We suspected it would get worse before it got better, and on Thursday morning it got worse … again. Beleaguered employment officials in South Carolina – facing mounting criticism for a benefits system that wasn’t working before the coronavirus pandemic hit – announced another record-breaking spike in initial unemployment claims, underscoring the worsening jobs crisis facing the Palmetto State.
According to the latest data from the S.C. Department of Employment and Workforce (SCDEW) – a record 85,018 South Carolinians filed for jobless benefits during the week that ended on April 4.
That number represented a 31.1 percent increase over the previous week – which saw a then-record 64,856 filings.
And that number was already more than twice the previous record-setting total of 31,826 claims announced two weeks ago.
How does the most recent print compare to a “normal” week? According to SCDEW, the latest weekly total represented a barely comprehensible 4,159.2 percent increase over the 1,996 claims filed for the week ending on March 14, 2020.
Which, as we have noted, is the last “normal” week we are going to see for quite some time.
“The agency has processed 180,928 claims in the past three weeks as opposed to the prior three weeks when the agency processed a total of 5,862 initial claims,” the release noted.
Here is the full release from the agency …
For the second week in a row, SCDEW did not provide data on the number of South Carolinians who work in other states but filed for jobless benefits in their state of residence.
So the real initial unemployment number is probably even higher …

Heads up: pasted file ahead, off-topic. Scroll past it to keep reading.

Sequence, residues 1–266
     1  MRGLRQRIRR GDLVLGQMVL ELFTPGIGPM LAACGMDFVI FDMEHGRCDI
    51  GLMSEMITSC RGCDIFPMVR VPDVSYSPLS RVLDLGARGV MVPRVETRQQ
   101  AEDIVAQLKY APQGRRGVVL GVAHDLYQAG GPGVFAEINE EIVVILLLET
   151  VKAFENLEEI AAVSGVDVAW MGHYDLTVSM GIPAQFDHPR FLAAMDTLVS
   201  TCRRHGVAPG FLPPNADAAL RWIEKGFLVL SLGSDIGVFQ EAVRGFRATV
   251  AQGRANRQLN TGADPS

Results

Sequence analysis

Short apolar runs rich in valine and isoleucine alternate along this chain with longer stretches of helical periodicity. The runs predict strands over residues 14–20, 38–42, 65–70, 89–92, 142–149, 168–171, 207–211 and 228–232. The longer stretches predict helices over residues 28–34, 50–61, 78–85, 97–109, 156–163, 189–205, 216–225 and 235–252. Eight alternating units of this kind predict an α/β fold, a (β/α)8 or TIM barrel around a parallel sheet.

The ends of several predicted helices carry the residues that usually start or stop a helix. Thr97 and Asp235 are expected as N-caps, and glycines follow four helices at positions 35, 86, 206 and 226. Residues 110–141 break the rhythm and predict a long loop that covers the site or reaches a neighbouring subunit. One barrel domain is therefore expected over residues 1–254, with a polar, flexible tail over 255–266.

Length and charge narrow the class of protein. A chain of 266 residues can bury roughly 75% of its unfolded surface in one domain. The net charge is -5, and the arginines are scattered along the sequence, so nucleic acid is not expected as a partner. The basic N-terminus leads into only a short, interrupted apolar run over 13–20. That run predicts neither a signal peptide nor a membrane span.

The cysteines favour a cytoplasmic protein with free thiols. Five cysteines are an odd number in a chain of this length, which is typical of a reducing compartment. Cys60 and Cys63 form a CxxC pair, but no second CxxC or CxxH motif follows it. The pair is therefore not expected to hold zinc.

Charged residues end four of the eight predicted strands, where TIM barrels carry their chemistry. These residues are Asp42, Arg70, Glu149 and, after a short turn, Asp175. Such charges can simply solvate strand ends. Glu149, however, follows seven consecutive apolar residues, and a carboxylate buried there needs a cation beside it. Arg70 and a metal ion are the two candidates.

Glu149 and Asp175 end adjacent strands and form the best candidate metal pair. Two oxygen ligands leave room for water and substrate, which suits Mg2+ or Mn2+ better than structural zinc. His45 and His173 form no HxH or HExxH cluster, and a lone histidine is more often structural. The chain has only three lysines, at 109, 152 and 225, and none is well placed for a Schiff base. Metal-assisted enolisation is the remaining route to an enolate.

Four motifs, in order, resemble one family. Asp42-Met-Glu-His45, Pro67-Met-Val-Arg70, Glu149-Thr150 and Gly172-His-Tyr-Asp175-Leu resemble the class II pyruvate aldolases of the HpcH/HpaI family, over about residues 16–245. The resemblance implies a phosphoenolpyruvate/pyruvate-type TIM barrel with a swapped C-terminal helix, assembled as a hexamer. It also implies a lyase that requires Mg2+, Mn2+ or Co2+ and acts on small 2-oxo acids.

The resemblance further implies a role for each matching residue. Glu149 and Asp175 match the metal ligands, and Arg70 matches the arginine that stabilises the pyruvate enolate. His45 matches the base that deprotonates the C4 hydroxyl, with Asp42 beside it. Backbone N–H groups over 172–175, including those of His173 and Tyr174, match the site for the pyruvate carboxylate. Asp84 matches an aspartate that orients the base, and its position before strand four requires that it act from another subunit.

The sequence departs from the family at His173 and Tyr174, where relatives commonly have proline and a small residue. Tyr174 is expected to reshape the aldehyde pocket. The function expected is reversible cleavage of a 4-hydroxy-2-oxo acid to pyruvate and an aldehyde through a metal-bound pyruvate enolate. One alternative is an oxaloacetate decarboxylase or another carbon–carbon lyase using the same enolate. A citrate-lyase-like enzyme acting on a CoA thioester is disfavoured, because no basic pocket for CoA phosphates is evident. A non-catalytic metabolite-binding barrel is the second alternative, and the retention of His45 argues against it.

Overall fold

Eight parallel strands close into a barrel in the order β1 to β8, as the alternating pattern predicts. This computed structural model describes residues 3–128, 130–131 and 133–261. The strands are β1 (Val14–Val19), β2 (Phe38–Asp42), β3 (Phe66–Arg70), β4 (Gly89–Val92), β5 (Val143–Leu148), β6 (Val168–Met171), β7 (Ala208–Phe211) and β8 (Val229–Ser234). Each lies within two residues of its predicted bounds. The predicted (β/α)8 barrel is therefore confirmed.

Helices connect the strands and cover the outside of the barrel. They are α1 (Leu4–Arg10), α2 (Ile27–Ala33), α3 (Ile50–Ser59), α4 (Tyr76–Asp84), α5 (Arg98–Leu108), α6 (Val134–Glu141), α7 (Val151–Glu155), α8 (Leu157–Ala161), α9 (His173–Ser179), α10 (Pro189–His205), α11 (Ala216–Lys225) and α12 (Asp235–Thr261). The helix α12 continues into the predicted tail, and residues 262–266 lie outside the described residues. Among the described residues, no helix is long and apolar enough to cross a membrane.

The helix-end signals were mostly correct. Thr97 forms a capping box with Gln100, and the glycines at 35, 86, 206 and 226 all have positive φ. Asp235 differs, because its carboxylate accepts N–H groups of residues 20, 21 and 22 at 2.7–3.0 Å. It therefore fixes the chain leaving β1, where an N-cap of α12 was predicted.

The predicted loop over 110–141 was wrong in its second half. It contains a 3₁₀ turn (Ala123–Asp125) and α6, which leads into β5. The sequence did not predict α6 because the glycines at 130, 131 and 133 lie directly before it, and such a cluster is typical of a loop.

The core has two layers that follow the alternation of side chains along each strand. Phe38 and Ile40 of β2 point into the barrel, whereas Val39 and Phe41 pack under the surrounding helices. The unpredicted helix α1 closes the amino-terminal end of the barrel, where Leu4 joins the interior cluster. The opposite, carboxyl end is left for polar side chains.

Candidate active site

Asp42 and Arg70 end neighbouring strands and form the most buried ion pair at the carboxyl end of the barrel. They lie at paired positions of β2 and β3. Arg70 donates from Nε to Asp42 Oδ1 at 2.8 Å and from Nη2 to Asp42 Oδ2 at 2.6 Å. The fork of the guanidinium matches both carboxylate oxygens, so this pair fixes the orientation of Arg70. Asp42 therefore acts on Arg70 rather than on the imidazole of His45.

As this news outlet has previously noted, SCDEW has been blasted for its inability to handle the deluge of new claims – particularly the unmitigated failure of a costly system intended to automate the process.
According to our sources, the so-called Southeast Consortium Unemployment Insurance Benefits Initiative (SCUBI) – a $100 million system which received at least $50 million in federal tax money as it was being built over a decade ago – continues to crack under the pressure.
We have also noted how South Carolinians are especially vulnerable to the looming economic downturn. Before the seismic economic impact of the coronavirus pandemic, the Palmetto State has long had one of the nation’s most anemic employment economies.
According to February 2020 data from the U.S. Bureau of Labor Statistics (BLS), the Palmetto State had a working age population of 4.1 million – with a workforce of just under 2.4 million. Its labor participation rate of 58.3 percent ranked fifth-lowest nationally.
Also, citizens who are employed in South Carolina have long suffered from disproportionately low income levels. According to the latest data from the U.S. Census, median household income in the Palmetto State clocked in at $51,396 in 2018 (the last year for which data is available). That figure ranked ninth-lowest nationally.
Supporting the “it’s going to be worse here than elsewhere” narrative, South Carolina has been ahead of the national curve in terms of early coronavirus-related layoffs …
UPDATE: The national situation …
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